VIENNA (FRONTLINE MEDICAL NEWS) – The marquee event at this year’s annual congress of the European Academy of Dermatology and Venereology – the one everyone was eagerly awaiting – was the first presentation of two large, international, pivotal phase III randomized trials of dupilumab for treatment of inadequately controlled moderate to severe atopic dermatitis in adults.

Attendees at EADV 2016 understood that, if positive, these studies, known as SOLO 1 and SOLO 2 , would be transformative. They would herald a new era of highly effective targeted biologic therapy for this common and often debilitating chronic relapsing skin disease, akin to what occurred in psoriasis therapy well over a decade ago.

The results did not disappoint.

“We now have a promising new option for patients whose quality of life was severely diminished by their disease,” Eric L. Simpson, MD, declared in presenting the SOLO 1 and 2 results on the last full day of the congress.

“Dual targeting of interleukin-4 and -13 represents a therapeutic option for patients with moderate to severe atopic dermatitis,” added Dr. Simpson, professor of dermatology at Oregon Health and Science University, Portland.

These results have implications extending beyond atopic dermatitis. Asthma, chronic sinusitis with nasal polyposis, and eosinophilic esophagitis are other conditions where the type 2 inflammatory cytokines IL-4 and -13 are believed to be important drivers of disease activity. Clinical trials of dupilumab in those diseases are underway.

Dupilumab, a fully human monoclonal antibody that binds specifically to the shared alpha chain subunit of the IL-4 and -13 receptors, hit all of its primary and secondary outcome measures in SOLO 1 and SOLO 2. Moreover, some of these “secondary” endpoints are consistently reported in patient surveys to be among what they consider to be the most troublesome aspects of atopic dermatitis, including intense itching, disrupted sleep, clinically significant anxiety and/or depression, and generally diminished quality of life.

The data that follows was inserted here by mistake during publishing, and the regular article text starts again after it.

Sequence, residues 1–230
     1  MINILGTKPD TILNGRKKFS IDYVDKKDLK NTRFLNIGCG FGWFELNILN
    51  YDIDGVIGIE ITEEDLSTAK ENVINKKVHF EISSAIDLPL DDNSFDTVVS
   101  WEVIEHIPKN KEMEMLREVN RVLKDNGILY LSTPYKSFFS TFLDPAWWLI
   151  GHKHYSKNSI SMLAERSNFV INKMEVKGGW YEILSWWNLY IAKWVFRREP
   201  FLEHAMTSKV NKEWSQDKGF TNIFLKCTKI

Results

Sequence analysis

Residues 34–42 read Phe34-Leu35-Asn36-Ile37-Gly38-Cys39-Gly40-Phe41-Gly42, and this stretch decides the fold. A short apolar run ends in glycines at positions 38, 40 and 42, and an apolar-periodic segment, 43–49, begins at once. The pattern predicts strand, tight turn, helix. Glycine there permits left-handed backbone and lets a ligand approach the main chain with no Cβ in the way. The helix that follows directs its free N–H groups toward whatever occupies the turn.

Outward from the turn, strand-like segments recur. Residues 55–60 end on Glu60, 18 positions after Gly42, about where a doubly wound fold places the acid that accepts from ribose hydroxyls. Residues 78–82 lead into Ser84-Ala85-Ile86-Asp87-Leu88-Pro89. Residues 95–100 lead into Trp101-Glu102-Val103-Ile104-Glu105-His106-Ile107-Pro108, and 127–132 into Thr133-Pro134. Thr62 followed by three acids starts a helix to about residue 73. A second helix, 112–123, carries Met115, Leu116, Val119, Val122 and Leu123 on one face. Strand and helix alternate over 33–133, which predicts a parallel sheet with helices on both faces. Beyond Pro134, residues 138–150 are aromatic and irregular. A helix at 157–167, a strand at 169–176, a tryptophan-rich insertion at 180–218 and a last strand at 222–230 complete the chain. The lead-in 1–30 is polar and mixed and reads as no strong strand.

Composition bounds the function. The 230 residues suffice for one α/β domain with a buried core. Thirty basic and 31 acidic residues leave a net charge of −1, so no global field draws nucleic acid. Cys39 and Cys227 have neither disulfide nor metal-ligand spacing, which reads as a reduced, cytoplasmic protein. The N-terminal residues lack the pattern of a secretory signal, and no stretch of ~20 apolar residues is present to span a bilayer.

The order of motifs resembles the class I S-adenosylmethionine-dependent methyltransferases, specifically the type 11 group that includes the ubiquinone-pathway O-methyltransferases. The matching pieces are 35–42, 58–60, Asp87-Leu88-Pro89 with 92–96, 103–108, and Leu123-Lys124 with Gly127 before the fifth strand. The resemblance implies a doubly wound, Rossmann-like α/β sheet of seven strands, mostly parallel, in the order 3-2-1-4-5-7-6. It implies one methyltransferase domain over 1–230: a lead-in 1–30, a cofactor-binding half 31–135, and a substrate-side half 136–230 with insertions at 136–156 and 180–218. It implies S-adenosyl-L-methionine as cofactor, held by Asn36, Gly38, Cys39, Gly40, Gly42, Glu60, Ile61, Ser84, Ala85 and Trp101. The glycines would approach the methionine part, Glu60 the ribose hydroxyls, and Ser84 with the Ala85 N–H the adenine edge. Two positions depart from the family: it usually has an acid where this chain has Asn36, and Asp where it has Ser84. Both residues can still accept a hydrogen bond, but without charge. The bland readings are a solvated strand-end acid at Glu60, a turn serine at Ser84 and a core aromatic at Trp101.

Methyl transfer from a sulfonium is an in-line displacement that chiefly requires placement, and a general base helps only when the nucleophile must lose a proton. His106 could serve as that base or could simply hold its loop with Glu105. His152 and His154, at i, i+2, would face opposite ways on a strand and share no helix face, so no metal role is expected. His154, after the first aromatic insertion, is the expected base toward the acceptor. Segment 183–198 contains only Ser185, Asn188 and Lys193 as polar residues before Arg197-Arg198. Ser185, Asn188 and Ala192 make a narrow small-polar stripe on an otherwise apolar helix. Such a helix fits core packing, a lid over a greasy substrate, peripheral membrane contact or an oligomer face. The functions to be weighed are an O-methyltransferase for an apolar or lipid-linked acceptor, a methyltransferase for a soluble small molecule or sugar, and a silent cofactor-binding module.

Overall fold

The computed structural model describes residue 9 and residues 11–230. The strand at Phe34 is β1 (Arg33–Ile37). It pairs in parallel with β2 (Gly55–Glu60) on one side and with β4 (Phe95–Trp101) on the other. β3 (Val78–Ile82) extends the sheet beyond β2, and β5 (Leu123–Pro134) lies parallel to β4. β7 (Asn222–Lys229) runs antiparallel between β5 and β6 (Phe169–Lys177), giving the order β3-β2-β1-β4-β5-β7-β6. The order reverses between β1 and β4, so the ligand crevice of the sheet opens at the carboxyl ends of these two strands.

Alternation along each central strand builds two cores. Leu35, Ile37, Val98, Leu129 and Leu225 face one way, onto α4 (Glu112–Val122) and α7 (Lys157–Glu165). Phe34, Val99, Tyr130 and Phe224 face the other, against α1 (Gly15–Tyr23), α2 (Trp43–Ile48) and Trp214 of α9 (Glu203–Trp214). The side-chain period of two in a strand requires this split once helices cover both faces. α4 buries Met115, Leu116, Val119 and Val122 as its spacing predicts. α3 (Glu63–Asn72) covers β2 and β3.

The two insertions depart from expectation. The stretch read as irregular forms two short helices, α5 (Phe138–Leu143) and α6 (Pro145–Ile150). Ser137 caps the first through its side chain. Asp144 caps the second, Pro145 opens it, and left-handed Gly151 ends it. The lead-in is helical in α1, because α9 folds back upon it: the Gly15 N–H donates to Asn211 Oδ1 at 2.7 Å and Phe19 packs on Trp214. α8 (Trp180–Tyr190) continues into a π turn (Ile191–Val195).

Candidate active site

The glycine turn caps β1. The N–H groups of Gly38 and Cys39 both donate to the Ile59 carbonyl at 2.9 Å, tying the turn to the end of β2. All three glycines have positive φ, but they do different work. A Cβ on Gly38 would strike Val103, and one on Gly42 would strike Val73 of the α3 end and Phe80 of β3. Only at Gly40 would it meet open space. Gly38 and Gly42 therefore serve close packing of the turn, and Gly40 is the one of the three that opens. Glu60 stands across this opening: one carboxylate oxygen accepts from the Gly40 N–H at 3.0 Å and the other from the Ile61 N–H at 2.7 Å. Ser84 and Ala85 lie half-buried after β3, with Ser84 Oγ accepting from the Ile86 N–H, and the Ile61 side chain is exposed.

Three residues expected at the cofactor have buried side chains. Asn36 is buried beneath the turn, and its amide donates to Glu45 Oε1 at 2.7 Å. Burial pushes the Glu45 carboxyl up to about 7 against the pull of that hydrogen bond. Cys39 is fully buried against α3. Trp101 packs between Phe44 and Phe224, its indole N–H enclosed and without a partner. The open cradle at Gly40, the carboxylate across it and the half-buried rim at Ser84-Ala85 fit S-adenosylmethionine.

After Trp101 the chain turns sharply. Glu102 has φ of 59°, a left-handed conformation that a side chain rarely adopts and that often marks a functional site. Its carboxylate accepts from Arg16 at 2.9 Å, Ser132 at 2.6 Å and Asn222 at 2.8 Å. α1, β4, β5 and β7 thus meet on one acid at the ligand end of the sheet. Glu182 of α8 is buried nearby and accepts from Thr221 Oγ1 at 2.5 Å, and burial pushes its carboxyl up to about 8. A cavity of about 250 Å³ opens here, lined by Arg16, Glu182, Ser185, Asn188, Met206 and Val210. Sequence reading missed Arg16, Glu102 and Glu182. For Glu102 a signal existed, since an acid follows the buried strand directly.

SOLO 1 and SOLO 2 were identically designed, independent, randomized, double-blind, placebo-controlled clinical trials of 16 weeks’ duration. Conducted in North America, Europe, and Asia, they included a total of 1,379 patients, split roughly 50/50 between those with moderate or severe atopic dermatitis. Their average disease duration was 26 years. Participants were randomized to subcutaneous injection of dupilumab at 300 mg once weekly or every 2 weeks or to matching placebo.

The primary endpoint was a score of clear or almost clear – 0 or 1 – on the Investigator’s Global Assessment (IGA) at week 16 accompanied by a reduction of at least 2 points from baseline. A key secondary endpoint was at least a 75% improvement in the Eczema Area and Severity Index (EASI-75), considered a coprimary endpoint by regulators in Japan and the European Union.

The use of topical agents for atopic dermatitis was not permitted except as rescue therapy for uncontrolled symptoms. An IGA of 0 or 1 with at least a 2-point drop from baseline was a high bar to reach, given that a median of 50% of participants’ body surface area was affected. But in SOLO 1, that target was achieved in 37.9% of subjects on dupilumab every other week, 37.2% with weekly therapy, and just 10.3% of placebo-treated controls. Similarly, in SOLO 2, the rates were 36.1%, 36.4%, and 8.5%, respectively.

Of note, there were essentially no differences in outcomes across the board with weekly versus biweekly dosing of dupilumab.

From a median baseline EASI score of 30, an EASI-75 was achieved at 16 weeks in 51.3% of patients on dupilumab every other week, 52.5% on weekly injections, and 14.7% of controls in SOLO 1. In SOLO 2, the corresponding EASI-75 rates were 44.2%, 48.1%, and 11.9%, respectively.

Itch is described by most patients with moderate to severe atopic dermatitis as their No. 1 issue. From a baseline median peak score of 7.7 on a 0-10 numerical rating scale for pruritus, week 16 scores dropped by a median of 51% in patients on dupilumab every 2 weeks, 48.9% with weekly therapy, and 26.1% with placebo in SOLO 1. Results in SOLO 2 mirrored those in SOLO 1.

Particularly noteworthy was the finding that a significant reduction in itch severity was documented by week 2 in both dupilumab treatment arms, Dr. Simpson observed.

Just under half of study participants had a baseline score of 8 or more on the Hospital Anxiety and Depression Scale Anxiety subscale or HADS Depression subscale, considered the cutoff for a clinically significant mood disorder. Among affected patients, a score of less than 8 was achieved at 16 weeks without the use of psychotropic medications in 12.4% of SOLO 1 participants on placebo, 41% on biweekly dupilumab, and 36.3% with weekly dupilumab. In SOLO 2, the rates were 6.1% with placebo, 39.5% with biweekly dupilumab, and 41.2% with once-weekly dupilumab.